The connectors 10, 40 in accordance with the present invention, may offer one or more of the following advantages, when used to connect optic fibres. For example, one optional advantage is that the connectors 10, 40 facilitate achieving a tight alignment of two optic fibres, whereby the ends of the fibres are aligned with each other and are held in centred, face-to-face abutment with each other. Another optional advantage is that the connectors 10, 40 of the present invention maintain a compressive force pushing the optic fibres towards each other. This reduces the air gap between the ends of the fibres, which can occur with other joining means of the prior art. Yet another optional advantage of the connectors 10, 40 is that they exert a clamping force at each end to firmly hold the fibres together. In particular, the connector 40 can produce a greater clamping force than the connector 10.

Reference is made to FIG. 10, which illustrates the stress distribution that exists in the connector 10 upon receiving a pair of optic fibres therein (not shown). While the stress distribution in the connector 10 is, in fact, non-discrete, FIG. 10 shows discrete regions having ranges of stresses, to illustrate generally the stress distribution. Areas of relatively lower stresses are shown at 94. Regions of relatively greater stress are shown at 96. Regions of greatest stress are shown at 98. It can be seen from FIG. 10 that the the stress varies along the length of the connector 10. The stress that occurs in the connector 10 when fibres are inserted therein, depends on the number and position of the slots 24 and 28.

The variable progression of stress along the length of the connector 10 allows a sequence of alignment, compression and clamping to be exerted on the optic fibres. When the fibres are first inserted into the connector 10, the ends of the fibres are maintained in alignment with each other by virtue of the size of the fibre conduit 20 in the region of the connector 10 where the ends of the fibres meet. Once the external forces that hold the connector 10 in the open position are removed, the connector 10 is permitted to relax around the fibres. As the connector relaxes, the connector 10 imparts a longitudinally compressive force on the fibres, pushing the ends of the fibres together. Furthermore, during the relaxing of the connector 10, the ends 16 and 18 of the connector 10 apply a clamping force to the fibres to retain the fibres in position and in compression against each other. The compression and the clamping forces on the fibres will be at least in part controlled by the size, the number and the position of the slots 24 and 28. The connector 10 is configured so that these forces are low enough to prevent damage to the fibres.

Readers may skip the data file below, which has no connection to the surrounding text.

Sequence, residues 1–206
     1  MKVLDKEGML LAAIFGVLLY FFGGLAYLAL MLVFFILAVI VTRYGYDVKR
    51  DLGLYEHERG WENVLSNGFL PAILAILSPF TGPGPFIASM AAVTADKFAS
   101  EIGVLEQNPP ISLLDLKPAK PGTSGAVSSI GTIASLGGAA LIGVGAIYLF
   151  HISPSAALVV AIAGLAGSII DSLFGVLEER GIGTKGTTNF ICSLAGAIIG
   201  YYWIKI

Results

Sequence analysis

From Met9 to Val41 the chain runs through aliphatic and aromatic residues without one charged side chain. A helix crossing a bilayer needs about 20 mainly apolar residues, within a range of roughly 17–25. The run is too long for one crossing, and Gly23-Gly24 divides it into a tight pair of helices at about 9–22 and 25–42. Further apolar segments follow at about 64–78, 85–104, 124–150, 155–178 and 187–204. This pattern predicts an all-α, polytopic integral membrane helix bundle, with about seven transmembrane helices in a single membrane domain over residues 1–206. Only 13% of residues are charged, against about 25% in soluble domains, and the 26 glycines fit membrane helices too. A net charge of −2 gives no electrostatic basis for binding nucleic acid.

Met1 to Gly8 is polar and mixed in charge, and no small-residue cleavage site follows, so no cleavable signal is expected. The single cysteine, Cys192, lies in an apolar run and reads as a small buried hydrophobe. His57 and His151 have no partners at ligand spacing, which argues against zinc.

It will be appreciated that the above description regarding the stress distribution and the sequence of operations whereby the optic fibres are aligned, compressed and clamped applies generally to the connector 40 (FIG. 4). In other words, the connector 40 incurs increased stresses proximate its ends when holding fibres. The compression and clamping that occurs on the fibres however, is enhanced with the connector 40, relative to the connector 10, because of the presence of the accordion portions 42.

While the above description constitutes the preferred embodiments, it will be appreciated that the present invention is susceptible to modification and change without departing from the fair meaning of the accompanying claims.

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US7334944Jul 24, 2006Feb 26, 2008Lockheed Martin CorporationOptical connector
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US8373852Nov 26, 2008Feb 12, 2013Exfo Inc.Optical waveguide rotator mechanism, birefringence-inducing element and polarization control devices employing either or both and methods of using same
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US8801298Feb 15, 2013Aug 12, 2014Belden Cdt (Canada) Inc.Slide actuated field installable fiber optic connector
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Classifications
U.S. Classification385/55, 385/84, 385/78, 385/68, 385/72, 385/70, 385/60, 385/62, 385/67
International ClassificationG02B1/00, G02B6/36, G02B6/38
Cooperative ClassificationG02B6/3803, G02B6/3877, G02B6/3859, G02B6/3809
European ClassificationG02B6/38D6N2M, G02B6/38D10A4, G02B6/38D1
Legal Events
DateCodeEventDescription
Feb 7, 2014REMIMaintenance fee reminder mailed
Dec 21, 2009FPAYFee payment
Year of fee payment: 4
Feb 21, 2006ASAssignment
Owner name: LE BERGER DU SAVOIR INC., CANADA
Free format text: ASSIGNMENT OF ASSIGNORS INTEREST;ASSIGNORS:WEYNANT, ERIC;DEMISSY, DANIEL;REEL/FRAME:017593/0659;SIGNING DATES FROM 20051109 TO 20051113